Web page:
by Joe Keefe
SimHQ recently reviewed the Logitech Wireless Gaming Mouse G700 and the Gaming Keyboard G510. The third and final component to the latest releases in the G-Series is the Wireless Gaming Headset G930. The G930 is a wireless 7.1 surround sound headset with microphone, and it includes programmable keys as well as built-in volume and mute controls. Like all of the latest G-Series products, the headset is well-built, attractive, and comes with capabilities most other headsets do not offer. However, I find that it falls short when performing its most important task — generating quality sound.
The G930 comes with a dedicated one-port USB hub. This hub connects to a USB port on the user’s computer, and into the hub is plugged the G930 dongle. This dongle is the antenna that communicates with the headset. A 6-foot cable with a micro-USB connection also wraps around the hub and can be extended to connect to and power charge the headset.
The G930 automatically becomes the Windows primary audio device when the dongle is connected, even when the headset is off. This means that one must remove the dongle to automatically route sound through another audio device.
The G930’s wireless protocol is based in the 2.4 GHz band. Despite the fact that numerous household devices operate in this band, I had no problems with the wireless aspect of the headset other than one time when it lost its hard-pairing parameters. A quick email exchange with Logitech tech support taught me how to perform a manual reset of the dongle and headset, and I was on my way again rapidly. Logitech claims up to a 40-foot wireless range for the G930. I walked all over my basement while wearing the headset and even intentionally placed metal objects between my head and the dongle, and the headset never had any sound transmission issues at all.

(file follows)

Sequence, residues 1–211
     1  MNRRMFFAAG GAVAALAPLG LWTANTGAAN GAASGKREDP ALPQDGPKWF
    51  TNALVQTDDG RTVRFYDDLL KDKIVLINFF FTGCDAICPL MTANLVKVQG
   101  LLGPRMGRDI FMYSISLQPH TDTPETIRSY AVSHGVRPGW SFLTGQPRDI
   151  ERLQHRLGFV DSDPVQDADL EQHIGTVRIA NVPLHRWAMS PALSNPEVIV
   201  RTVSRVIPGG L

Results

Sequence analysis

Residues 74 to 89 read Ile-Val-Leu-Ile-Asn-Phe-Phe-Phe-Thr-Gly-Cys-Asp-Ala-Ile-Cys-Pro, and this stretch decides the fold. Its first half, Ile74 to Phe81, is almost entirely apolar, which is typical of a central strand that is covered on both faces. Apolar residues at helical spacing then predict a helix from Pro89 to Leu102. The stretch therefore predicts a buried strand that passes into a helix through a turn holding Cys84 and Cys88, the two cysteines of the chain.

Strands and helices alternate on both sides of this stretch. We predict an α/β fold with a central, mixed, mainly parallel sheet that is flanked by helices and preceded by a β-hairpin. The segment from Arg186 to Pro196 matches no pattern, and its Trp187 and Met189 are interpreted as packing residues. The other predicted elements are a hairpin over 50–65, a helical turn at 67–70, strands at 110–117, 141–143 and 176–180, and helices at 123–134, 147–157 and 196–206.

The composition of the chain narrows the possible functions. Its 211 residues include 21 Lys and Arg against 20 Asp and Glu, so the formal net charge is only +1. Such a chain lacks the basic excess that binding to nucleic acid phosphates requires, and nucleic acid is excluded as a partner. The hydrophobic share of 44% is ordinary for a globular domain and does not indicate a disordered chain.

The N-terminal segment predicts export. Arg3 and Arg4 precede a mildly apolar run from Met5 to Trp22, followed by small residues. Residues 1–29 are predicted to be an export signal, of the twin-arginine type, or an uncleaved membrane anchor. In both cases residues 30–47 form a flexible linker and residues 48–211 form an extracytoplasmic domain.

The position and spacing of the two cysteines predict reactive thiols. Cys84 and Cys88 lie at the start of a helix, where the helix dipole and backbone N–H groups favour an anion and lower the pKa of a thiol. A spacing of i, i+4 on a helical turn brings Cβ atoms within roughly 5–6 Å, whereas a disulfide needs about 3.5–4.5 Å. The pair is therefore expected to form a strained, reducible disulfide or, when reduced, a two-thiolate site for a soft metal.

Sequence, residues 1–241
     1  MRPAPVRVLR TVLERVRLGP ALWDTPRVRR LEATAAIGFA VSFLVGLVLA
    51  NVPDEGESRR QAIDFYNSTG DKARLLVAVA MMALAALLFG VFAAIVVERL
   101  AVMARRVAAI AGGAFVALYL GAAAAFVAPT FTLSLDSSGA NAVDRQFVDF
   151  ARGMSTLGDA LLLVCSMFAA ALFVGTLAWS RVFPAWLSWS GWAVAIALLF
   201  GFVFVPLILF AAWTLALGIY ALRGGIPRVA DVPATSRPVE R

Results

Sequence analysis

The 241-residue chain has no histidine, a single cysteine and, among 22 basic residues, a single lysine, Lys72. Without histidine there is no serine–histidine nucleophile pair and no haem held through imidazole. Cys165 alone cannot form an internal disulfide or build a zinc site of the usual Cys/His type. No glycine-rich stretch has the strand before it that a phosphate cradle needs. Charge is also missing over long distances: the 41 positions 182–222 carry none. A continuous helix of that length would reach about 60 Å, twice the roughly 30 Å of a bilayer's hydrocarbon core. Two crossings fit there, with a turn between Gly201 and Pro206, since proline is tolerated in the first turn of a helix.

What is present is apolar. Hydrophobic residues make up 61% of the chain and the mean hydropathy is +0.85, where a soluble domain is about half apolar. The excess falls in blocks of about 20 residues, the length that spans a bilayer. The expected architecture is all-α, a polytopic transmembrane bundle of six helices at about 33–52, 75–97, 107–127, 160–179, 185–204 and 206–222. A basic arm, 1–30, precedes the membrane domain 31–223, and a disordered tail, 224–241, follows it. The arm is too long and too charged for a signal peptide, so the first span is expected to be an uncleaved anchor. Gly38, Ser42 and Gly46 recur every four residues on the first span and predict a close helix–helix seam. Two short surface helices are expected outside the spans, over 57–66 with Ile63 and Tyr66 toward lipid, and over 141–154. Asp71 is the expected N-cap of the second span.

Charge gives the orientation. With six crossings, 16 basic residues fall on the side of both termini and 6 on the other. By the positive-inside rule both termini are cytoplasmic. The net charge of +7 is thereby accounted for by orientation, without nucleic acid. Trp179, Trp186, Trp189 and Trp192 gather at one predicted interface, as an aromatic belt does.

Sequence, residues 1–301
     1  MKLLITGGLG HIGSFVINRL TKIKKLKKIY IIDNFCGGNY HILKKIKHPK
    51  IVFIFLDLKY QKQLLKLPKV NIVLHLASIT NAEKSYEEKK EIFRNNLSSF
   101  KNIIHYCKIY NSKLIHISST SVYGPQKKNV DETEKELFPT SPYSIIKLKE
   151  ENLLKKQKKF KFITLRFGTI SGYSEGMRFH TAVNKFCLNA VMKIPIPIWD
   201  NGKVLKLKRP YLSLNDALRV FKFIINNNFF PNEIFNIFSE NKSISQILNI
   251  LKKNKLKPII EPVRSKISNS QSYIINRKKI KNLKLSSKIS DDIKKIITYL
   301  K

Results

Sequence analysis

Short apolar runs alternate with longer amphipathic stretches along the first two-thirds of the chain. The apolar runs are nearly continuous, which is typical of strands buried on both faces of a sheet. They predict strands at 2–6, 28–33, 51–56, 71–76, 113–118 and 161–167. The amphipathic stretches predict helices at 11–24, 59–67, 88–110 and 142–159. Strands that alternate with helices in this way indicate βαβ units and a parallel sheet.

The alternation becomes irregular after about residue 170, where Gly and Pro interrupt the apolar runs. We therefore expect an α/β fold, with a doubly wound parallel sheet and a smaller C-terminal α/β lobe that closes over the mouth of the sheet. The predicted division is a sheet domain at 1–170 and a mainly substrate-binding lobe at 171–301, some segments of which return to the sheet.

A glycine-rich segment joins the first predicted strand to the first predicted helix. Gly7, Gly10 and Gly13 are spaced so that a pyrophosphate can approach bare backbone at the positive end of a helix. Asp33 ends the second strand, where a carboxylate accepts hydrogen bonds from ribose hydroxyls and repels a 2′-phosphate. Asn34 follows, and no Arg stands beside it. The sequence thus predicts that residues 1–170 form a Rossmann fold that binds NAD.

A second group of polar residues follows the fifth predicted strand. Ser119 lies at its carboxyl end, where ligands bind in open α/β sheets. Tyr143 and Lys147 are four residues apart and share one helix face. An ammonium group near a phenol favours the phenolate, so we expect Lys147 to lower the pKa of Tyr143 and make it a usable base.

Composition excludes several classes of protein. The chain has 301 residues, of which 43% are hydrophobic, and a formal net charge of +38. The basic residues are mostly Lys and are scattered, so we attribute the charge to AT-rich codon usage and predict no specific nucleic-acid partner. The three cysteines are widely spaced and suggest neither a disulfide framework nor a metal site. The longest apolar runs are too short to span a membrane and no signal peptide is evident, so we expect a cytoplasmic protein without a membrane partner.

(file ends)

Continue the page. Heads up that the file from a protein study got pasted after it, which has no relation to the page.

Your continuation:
There are a number of controls on the outside of the G930’s left earcup (located on the left so that one does not have to let go of the mouse to operate the controls). At the bottom is the micro-USB jack, and the surround / stereo switch is located on the rear edge. The side of the earcup features a volume roller and a microphone mute button, both within comfortable reach. Above these controls are three programmable “G-keys”. These keys are programmed through software dedicated to the G930, and thus there is no programming commonality to other G-Series devices such as the G940 HOTAS or G510 Keyboard. In addition, it seems that only pre-selected sets of commands for the three buttons can be used, such as controls for Windows Media Player or Ventrilo; there is no option for custom programming. With only three buttons the lack of integrated programming with other Logitech products hardly matters, but the inability to program those three buttons to any keyboard keystroke is a surprising omission considering that the G930 is Logitech’s flagship headset. As I commented in my review of the G510 keyboard, it would be nice if Logitech put more thought into the software side of their gaming peripherals; it is by far the weakest overall aspect of the G-Series products.
Protruding from the front of the left earcup is the G930’s integrated microphone boom. This boom contains a small red light that illuminates when the microphone is muted, either via activation of the microphone mute switch on the earcup or when the microphone automatically mutes as the boom is rotated up into the storage position. The light and the auto-muting microphone are nice touches.